ESSENCE refers to early symptomatic syndromes eliciting neurodevelopmental clinical examinations. It includes a broad range of early onset neurodevelopmental disorders affecting more than 10% of children before 5 years of age. ESSENCE includes among others attention deficit hyperactivity disorder (ADHD), intellectual disability (ID) and autism spectrum disorders (ASD). Some degree of disability is the rule rather than the exception. The causes are heterogeneous ranging from extreme social deprivation, pre- and perinatal risk factors, genetic and metabolic diseases, immune and infectious disorders, nutritional factors, physical trauma, and postnatal toxic and environmental factors (and combinations/interactions of some or several of these)...
2016: Nordic Journal of Psychiatry
Jie Hu, Malini Sathanoori, Sally Kochmar, Meron Azage, Susan Mann, Suneeta Madan-Khetarpal, Amy Goldstein, Urvashi Surti
A 7-year-old female with developmental delay (DD), autism spectrum disorder (ASD), intellectual disability (ID), attention deficit hyperactivity disorder (ADHD), and seizures was referred to our laboratory for oligomicroarray analysis. The analysis revealed a 540 kb microdeletion in the chromosome 8q24.3 region (143,610,058-144,150,241) encompassing multiple genes. Two siblings of the proband were also analyzed. The proband's older sister with DD, seizures, and ASD has a 438 kb intragenic microdeletion of the GPHN gene in the chromosome 14q23...
August 2015: American Journal of Medical Genetics. Part A
Dominik P Kiser, Olga Rivero, Klaus-Peter Lesch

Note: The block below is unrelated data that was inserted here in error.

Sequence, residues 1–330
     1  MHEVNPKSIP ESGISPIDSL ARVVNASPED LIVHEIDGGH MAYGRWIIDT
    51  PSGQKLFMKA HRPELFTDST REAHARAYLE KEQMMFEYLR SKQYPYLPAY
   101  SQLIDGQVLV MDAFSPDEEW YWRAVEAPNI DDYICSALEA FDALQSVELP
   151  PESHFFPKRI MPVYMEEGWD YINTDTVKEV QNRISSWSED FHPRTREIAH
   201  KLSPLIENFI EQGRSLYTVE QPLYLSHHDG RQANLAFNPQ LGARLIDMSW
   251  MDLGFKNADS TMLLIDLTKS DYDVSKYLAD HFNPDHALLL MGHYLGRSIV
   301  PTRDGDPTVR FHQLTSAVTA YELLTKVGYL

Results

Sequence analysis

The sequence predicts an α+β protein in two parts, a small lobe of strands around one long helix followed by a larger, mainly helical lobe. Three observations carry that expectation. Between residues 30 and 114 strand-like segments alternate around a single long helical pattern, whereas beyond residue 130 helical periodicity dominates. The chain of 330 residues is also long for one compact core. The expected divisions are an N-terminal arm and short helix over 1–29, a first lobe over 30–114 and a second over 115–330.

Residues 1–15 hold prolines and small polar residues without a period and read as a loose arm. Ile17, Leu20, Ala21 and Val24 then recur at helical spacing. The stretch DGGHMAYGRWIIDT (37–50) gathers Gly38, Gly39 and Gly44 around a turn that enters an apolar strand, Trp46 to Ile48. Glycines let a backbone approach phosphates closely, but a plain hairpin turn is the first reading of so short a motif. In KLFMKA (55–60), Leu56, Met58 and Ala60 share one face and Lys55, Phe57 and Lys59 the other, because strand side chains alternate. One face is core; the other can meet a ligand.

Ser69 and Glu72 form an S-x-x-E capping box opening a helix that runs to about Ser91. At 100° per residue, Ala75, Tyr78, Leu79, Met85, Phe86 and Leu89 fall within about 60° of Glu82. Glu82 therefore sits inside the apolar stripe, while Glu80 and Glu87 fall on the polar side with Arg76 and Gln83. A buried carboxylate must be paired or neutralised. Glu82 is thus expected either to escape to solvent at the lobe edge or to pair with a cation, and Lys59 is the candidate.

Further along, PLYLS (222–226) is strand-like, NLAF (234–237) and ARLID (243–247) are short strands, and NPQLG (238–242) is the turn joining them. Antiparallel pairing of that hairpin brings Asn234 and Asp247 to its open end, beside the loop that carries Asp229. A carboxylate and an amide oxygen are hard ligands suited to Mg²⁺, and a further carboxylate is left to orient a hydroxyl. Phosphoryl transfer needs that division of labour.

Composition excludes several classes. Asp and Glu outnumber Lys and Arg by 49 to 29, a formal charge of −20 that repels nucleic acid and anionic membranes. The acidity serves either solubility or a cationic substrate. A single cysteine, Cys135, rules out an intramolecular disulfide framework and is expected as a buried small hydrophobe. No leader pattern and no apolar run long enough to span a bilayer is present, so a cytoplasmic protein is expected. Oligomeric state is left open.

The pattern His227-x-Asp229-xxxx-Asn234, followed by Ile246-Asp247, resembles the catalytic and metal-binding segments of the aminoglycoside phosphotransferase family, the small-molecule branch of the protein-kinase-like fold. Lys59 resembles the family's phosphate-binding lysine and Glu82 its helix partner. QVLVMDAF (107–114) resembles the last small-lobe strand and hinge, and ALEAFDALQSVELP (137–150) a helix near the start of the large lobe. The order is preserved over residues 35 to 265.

BACKGROUND AND SCOPE: Neurodevelopmental disorders (NDDs) are defined by a wide variety of behavioural phenotypes, psychopathology and clinically informed categorical classifications. Diagnostic entities include intellectual disability (ID), the autism spectrum (ASD) and attention-deficit/hyperactivity disorder (ADHD). The aetiopathogenesis of these conditions and disorders involves an interaction between both genetic and environmental risk factors on the developmental trajectory. Despite their remarkable genetic heterogeneity and complexity of pathophysiological mechanisms, NDDs display an overlap in their phenotypic features, a considerable degree of comorbidity as well as sharing of genetic and environmental risk factors...
March 2015: Journal of Child Psychology and Psychiatry, and Allied Disciplines
Reymundo Lozano, Carolina Alba Rosero, Randi J Hagerman
The fragile X mental retardation 1 gene (FMR1), which codes for the fragile X mental retardation 1 protein (FMRP), is located at Xp27.3. The normal allele of the FMR1 gene typically has 5 to 40 CGG repeats in the 5' untranslated region; abnormal alleles of dynamic mutations include the full mutation (> 200 CGG repeats), premutation (55-200 CGG repeats) and the gray zone mutation (45-54 CGG repeats). Premutation carriers are common in the general population with approximately 1 in 130-250 females and 1 in 250-810 males, whereas the full mutation and Fragile X syndrome (FXS) occur in approximately 1 in 4000 to 1 in 7000...